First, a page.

German Refugees in the Trap of Poverty

Women Holding Posters on Activism

A survey found that black, Muslim, and Asian people in Germany are at a higher risk of poverty. Even a good education doesn’t make a significant difference – reports.

Racism is rampant in Germany. But what exactly does this mean for the people affected? The German Center for Integration and Migration Research (DeZIM) in Berlin has released a study titled “Limits of Equality Racism and the Risk of Poverty” demonstrates a link between racism and the risk of poverty.

“If you look at the official statistics or the federal government’s poverty and wealth reports, data is mostly broken down by migration background and whether you have German citizenship,” Zerrin Salikutluk social scientist from the National Discrimination and Racism Monitor said. “What we haven’t been able to say so far is how people who are affected by racism in Germany are really faring,” she stated to DW.

Discrimination Among the Poor and Migrants

The researchers discovered discrimination in the education system, the labor market, the housing market, and the healthcare sector. Previous research revealed that people with a migration background frequently face discrimination when looking for work. This increases the likelihood of having to live below the poverty line.

In Germany, people are considered poor if their income is less than 60 percent of the statistical average. In 2023, this amounted to €1 310. When asked about their monthly income, 5 percent of Germans without a migration background who worked full-time said it was below the poverty line. However, that figure increased to 20 percent among Black, Muslim, and Asian respondents.

The figures were similar for respondents with a high level of education or vocational accomplishments: People who experienced racist discrimination were two to seven times more likely to face financial difficulties.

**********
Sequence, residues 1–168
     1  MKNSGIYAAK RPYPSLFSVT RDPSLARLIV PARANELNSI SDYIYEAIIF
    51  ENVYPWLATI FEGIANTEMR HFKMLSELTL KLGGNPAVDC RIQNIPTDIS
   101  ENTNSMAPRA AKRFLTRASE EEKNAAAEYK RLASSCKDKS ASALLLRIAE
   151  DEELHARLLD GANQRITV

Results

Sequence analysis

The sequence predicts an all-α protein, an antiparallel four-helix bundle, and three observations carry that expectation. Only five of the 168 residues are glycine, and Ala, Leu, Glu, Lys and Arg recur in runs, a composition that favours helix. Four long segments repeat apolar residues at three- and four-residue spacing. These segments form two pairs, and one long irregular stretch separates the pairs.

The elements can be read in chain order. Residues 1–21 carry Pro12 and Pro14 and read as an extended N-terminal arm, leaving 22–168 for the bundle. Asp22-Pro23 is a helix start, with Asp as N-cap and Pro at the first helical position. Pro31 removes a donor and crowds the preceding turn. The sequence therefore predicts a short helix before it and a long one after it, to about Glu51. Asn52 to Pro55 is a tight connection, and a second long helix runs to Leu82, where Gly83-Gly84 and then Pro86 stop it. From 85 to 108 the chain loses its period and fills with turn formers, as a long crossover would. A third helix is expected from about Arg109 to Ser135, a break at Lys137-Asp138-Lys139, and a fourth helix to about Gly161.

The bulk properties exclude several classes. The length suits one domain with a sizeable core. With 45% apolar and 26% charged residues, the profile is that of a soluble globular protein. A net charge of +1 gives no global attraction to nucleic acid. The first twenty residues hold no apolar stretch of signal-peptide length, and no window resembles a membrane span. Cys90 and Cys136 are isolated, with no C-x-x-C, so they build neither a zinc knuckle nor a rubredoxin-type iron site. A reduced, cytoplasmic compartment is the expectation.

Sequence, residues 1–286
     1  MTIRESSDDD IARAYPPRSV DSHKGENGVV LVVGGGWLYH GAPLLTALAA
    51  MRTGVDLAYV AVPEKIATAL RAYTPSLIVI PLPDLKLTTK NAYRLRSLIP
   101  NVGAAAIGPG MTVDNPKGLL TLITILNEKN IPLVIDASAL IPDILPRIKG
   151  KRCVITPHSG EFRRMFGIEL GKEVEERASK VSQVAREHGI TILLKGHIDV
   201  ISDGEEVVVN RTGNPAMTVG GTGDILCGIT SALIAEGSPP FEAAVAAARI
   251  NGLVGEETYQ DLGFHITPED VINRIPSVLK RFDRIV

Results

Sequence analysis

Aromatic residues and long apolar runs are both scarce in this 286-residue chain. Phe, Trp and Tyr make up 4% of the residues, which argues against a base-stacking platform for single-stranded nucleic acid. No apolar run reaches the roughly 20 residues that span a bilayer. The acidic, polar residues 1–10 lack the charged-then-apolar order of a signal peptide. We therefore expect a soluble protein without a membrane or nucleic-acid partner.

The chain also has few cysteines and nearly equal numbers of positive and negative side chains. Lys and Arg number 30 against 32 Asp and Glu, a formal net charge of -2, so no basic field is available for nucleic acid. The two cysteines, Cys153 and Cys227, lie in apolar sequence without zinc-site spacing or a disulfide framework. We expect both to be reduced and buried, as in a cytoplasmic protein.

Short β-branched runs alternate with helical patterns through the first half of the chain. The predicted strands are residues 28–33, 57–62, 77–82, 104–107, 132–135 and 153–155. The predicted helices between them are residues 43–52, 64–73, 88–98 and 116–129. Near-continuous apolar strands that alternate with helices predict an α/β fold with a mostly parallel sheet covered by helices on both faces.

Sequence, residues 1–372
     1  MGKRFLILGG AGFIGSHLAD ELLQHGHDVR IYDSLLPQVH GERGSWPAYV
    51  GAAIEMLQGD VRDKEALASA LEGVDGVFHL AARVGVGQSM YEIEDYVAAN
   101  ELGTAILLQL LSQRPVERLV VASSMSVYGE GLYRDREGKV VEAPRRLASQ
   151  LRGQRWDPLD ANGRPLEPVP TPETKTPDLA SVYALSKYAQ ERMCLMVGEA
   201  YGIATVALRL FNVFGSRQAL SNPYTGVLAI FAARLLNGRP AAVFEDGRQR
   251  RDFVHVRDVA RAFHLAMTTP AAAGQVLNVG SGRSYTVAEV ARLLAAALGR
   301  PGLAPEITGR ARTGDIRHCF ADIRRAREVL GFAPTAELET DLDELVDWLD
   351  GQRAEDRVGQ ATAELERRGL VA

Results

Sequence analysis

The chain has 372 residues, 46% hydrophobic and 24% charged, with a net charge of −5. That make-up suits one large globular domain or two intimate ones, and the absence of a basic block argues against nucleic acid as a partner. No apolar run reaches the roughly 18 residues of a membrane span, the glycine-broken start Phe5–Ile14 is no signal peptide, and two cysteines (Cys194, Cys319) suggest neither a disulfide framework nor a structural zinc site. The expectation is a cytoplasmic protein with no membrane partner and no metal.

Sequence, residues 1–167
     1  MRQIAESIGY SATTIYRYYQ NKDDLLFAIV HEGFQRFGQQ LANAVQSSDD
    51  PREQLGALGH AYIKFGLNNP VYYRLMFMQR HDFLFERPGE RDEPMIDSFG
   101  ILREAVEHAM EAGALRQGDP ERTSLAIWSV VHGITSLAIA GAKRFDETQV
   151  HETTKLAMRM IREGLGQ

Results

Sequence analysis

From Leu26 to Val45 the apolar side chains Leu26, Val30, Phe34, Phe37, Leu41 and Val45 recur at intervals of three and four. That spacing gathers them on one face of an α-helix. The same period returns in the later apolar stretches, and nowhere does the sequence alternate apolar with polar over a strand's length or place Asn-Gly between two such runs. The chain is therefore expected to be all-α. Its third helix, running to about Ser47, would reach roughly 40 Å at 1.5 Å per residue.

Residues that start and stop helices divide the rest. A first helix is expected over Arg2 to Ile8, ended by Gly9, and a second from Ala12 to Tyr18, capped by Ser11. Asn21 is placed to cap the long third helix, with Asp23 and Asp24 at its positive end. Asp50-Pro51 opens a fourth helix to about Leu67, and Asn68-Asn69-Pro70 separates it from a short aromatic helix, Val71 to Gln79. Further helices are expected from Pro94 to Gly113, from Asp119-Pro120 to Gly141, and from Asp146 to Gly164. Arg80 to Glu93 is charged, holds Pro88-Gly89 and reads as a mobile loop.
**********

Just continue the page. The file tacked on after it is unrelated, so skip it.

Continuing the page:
Refugees are More at Risk of Poverty

Muslim men were the most likely to be poor, accounting for 33 percent. According to researcher Salikutluk, this is due to the large number of Muslim men among refugees who have arrived in Germany since 2013. Around 20 percent of Muslim respondents to the discrimination survey came from Syria and Afghanistan, two countries devastated by war and poverty. “And we already know that refugees are more at risk of poverty due to their limited access to the labor market, for example,” Salikutluk said.

Even people with foreign roots who have lived in Germany for a long time, were born there, or have German citizenship face discrimination. Salikutluk refers to experiments in which identical application documents were sent out under different names. The outcome: “People who have a Turkish-sounding name, for example, have a smaller chance of being invited to a job interview,” she stated.


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